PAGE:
The European Investment Bank is lending a total of EUR 200 million for urban renewal and energy-efficient social housing throughout Poland. The 25 years loan to State-owned BGK (Bank Gospodarstwa Krajowego) will help towards renovating housing stock showing evidence of severe deferred maintenance and towards constructing new energy efficient rental housing in brown-field locations included in urban renewal areas. Investments will be mainly concentrated in the urban areas with the largest housing deficits. 

Commenting on the loan EIB Vice-President Wolfgang Roth said in Warsaw : 'Our loan for urban renewal and social housing will enhance the quality of the urban environment through the rehabilitation of low-cost rental social housing and the construction of energy efficient new apartment blocks in derelict urban areas; building and modernising homes is important as it should lead to a better quality of life for many Poles living in the country's more densely populated areas and will help improve and protect the environment. It will furthermore allow the Polish Housing Fund to anticipate and ease problems expected in the coming years and stemming from a growing work-related mobility.'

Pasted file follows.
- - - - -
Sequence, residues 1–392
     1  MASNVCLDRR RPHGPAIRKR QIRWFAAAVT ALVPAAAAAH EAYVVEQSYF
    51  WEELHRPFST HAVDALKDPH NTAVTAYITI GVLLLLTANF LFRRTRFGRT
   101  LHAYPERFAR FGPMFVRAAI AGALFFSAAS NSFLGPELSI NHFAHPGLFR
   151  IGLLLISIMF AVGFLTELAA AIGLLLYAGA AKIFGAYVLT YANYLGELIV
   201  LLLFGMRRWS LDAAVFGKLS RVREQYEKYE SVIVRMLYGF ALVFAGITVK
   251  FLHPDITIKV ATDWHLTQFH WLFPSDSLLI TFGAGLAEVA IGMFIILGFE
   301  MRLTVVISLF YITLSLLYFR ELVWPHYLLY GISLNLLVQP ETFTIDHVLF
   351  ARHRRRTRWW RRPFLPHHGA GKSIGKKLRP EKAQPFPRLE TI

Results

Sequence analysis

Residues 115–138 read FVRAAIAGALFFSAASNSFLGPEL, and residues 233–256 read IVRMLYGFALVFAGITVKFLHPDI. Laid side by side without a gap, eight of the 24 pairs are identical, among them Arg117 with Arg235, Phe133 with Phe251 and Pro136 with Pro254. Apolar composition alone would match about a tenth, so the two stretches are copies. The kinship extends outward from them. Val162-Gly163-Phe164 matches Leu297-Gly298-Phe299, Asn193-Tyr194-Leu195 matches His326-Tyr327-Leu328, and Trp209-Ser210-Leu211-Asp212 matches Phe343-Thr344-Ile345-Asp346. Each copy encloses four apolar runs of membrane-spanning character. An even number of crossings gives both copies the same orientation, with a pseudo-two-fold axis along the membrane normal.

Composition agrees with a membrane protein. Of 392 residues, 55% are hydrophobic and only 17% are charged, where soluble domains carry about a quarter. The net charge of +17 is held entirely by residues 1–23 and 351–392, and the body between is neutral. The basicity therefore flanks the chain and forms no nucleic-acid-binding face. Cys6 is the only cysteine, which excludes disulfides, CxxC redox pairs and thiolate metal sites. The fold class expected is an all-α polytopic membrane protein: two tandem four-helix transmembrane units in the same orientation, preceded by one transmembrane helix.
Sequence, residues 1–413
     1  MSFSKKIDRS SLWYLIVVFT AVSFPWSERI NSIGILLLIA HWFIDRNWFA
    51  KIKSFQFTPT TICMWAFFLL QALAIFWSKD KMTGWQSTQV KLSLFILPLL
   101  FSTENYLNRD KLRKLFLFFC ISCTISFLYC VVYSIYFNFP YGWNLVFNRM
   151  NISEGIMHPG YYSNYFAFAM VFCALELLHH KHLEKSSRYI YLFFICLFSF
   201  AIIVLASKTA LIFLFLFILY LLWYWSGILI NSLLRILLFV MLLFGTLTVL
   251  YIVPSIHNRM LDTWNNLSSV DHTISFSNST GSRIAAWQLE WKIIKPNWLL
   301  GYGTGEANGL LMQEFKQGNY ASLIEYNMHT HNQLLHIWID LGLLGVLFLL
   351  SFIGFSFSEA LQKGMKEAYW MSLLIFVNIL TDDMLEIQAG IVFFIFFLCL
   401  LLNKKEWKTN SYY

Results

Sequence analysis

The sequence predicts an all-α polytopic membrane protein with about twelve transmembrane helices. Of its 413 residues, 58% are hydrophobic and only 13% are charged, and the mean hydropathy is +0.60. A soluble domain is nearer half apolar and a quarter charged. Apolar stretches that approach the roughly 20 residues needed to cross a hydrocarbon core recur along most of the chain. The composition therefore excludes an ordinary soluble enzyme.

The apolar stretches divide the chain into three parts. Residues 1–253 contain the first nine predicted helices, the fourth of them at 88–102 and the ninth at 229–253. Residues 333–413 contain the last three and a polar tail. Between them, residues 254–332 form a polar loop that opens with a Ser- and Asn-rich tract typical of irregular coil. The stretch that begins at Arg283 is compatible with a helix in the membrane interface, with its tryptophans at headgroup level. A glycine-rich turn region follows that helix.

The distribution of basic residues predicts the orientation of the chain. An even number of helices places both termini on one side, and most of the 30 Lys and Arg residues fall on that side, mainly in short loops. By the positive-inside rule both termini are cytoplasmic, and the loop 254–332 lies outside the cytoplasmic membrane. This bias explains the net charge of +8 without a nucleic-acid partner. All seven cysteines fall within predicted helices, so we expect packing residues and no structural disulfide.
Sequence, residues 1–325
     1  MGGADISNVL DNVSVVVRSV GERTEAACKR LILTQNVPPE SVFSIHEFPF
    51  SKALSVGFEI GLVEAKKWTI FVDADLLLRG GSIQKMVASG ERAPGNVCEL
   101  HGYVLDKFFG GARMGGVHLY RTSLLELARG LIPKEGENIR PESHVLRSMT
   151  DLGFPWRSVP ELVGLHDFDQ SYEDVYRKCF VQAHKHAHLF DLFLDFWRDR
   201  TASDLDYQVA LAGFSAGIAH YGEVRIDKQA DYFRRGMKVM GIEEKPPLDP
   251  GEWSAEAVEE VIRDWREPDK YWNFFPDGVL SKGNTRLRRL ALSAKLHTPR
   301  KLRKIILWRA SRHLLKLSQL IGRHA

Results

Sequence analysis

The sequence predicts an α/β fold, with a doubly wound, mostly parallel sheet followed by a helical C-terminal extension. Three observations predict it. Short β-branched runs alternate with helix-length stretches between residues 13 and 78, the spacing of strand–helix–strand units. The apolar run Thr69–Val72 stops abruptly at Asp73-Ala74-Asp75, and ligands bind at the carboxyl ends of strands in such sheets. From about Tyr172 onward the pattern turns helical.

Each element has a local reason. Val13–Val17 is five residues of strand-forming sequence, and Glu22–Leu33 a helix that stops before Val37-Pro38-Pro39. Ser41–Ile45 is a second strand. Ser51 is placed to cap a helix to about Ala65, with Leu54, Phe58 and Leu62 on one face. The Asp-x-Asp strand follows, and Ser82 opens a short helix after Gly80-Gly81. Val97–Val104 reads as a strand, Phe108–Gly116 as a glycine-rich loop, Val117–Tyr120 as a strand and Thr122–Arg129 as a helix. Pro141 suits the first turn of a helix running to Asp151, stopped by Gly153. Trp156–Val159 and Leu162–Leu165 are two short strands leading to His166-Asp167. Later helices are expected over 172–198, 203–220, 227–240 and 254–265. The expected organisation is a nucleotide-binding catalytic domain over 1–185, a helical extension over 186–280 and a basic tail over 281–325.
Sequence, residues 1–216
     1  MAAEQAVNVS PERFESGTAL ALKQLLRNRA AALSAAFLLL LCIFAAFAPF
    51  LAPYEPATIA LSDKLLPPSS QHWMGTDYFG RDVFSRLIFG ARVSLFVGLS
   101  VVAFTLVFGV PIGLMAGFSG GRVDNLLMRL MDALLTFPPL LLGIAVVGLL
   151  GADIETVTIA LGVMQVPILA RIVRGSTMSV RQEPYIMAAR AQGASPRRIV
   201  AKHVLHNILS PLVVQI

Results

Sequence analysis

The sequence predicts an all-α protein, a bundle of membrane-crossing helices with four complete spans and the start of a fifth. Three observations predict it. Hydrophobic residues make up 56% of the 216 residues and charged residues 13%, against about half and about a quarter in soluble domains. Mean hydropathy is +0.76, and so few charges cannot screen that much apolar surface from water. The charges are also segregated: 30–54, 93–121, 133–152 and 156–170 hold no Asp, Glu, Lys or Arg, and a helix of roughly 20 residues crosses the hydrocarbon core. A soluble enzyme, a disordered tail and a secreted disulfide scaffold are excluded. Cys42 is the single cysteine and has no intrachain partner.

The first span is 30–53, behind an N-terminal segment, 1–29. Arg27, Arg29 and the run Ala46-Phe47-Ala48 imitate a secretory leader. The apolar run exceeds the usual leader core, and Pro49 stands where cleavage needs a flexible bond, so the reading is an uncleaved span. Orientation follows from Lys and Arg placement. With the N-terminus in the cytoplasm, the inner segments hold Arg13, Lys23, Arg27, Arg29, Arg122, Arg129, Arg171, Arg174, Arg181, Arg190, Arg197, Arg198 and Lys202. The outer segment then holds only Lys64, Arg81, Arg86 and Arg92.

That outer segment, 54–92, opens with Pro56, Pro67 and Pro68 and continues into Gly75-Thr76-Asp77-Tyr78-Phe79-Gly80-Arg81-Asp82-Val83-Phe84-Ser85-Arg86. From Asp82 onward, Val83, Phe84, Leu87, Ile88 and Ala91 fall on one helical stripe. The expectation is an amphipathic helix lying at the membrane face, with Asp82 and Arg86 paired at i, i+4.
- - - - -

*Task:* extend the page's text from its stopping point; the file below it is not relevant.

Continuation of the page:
The EIB is also granting EUR 80 million, for 20 years, to the State for the financing of the DROGOWA TRASA SREDNICOWA, an urban expressway Upper Silesia. The new loan follows EUR 100 million which were granted in 1998. 

Since 1990 the EIB lent well over 5 billion EUR to projects in Poland, more than in any other EU candidate country. Over 1 billion went to Trans-European road and rail networks (TENs), with emphasis on upgrading major international road and railway axes. Telecommunications, gas and larger industry schemes also attracted substantial loans from the EIB. Small and medium-scale industrial investments as well as smaller energy or infrastructure projects are being furthered through credit lines (global loans) to commercial banks established in Poland. The EIB also helped rebuild infrastructure damaged during the 1997 Odra and 2001 Vistula floods.

Since 1990, the EIB has lent over EUR 17 billion to projects in the ten Central European EU applicants: Estonia, Latvia, Lithuania, Poland, the Czech Republic, Slovakia, Hungary, Slovenia, Romania and Bulgaria.